BEREA, Ohio — Kevin Stefanski, the Browns newest head coach, said some promising stuff at his introductory press conference. Jimmy Haslam said some things, too.
I can’t tell you what.
I mean, I am able to tell you. I’m just not up for it.
You have heard most of it before.
So let’s put aside the latest talk of culture change, AFC North physicality, collaborative effort and the fact that nobody will care who gets the credit—put it over there with the obligatory reference to Jim Brown’s legend—and move on to the man behind the curtain.
Paul DePodesta, who headed up this coaching search and got his man, hadn’t been heard from much in the past few years until Tuesday afternoon.
I know what you’re thinking: "Of course, he hasn’t been heard from much. He’s been swimming with the seals in La Jolla cove."
"My wife and kids would take issue with that," DePodesta said on the topic of whether he spends too much time working remotely from home in California given that it’s his voice steering the organizational strategy. "I’ve been here every week since training camp."
Crazy that four years into it, the first question asked of DePodesta Tuesday (in a nice-ish way,) was, "What do you do?"
That it needed to be asked is on the Browns, who have been otherwise too distracted upending the organization every other year to explain themselves coherently since the initial press conference introducing DePodesta in 2016.
"My role first and foremost is to help us create [a] shared vision but also implement that shared vision and make sure we stick to it relentlessly," he said. "I look at all the processes that are within a football operation, whether that’s hiring someone, whether that’s how we do scouting, whether that’s how we look at things with numbers.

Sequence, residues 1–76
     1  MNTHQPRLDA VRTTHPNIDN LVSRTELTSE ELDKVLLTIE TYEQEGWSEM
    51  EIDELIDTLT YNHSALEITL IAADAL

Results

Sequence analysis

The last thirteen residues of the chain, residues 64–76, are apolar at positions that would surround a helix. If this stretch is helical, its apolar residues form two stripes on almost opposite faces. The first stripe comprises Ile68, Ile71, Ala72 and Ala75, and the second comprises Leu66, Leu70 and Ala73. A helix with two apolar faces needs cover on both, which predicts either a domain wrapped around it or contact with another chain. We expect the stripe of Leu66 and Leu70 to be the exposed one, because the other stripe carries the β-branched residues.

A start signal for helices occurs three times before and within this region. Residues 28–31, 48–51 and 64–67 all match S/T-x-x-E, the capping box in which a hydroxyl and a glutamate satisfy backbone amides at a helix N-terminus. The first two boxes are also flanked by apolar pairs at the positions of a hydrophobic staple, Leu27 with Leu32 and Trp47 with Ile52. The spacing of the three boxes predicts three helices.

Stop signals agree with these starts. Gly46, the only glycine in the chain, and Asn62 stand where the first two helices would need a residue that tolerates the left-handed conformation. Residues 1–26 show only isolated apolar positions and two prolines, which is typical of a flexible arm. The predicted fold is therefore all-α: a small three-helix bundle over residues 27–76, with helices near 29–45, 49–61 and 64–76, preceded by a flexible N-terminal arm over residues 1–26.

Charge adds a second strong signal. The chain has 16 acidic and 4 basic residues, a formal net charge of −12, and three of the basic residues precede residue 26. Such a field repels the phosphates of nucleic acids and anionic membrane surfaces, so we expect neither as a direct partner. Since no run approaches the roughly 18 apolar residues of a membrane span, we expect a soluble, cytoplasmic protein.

"I dig into all those processes and make sure they align with our vision and make sure we all stay on the same page."
He’s not picking players. He’s not second guessing shovel passes (though I wish he would’ve). Until now, he wasn’t picking head coaches.
Stefanski popped as a candidate during last year’s coaching search, though DePodesta said the name originally came from the football side. DePodesta wanted him. The Haslams hired Freddie Kitchens.
The story of DePodesta wanting Sean McDermott when the Haslams hired Hue Jackson is out there to be refuted but hasn’t been. In this organization, that’s enough for Haslam to have sided with his Chief of Strategy this time around. With the football people in the organization reduced to Eliott Wolf and Alonzo Highsmith (who might well be departing), why not?
DePodesta said he had a similar situation with the New York Mets for five years, as far as time spent traveling coast-to-coast. His "Moneyball" background and work with the A’s and Mets was more numbers-oriented and created the impression he’d bring that to the NFL.
He called his work with the Browns more about establishing "frameworks" to reduce the "uncertainty" that goes into evaluations, including that of players.
"People have a warped view of what analytics is," he said. "It’s not about numbers and spread sheets."
There’s nothing more warped than arguing that DePodesta’s analytics have hurt the Browns while also arguing he should spend more time in Berea. If you believe that, you should want him here less.
DePodesta has been more victimized by change than responsible for it, thanks to the Haslams. Of that change, he said Tuesday there’s "a heavy price to pay."
It’s no wonder DePodesta said the Browns "demystified" analytics (and I assume his role) for all the coaching candidates. Even in the NFL, the Browns approach over the last four years has raised more questions than it’s answered.
Now comes another head coaching change and a GM to follow.
Who knows if any of this will work any better?
What’s clearer than the role DePodesta described Tuesday and the vision he referenced is the added accountability he’ll now shoulder in an organization that can’t seem to get things right.
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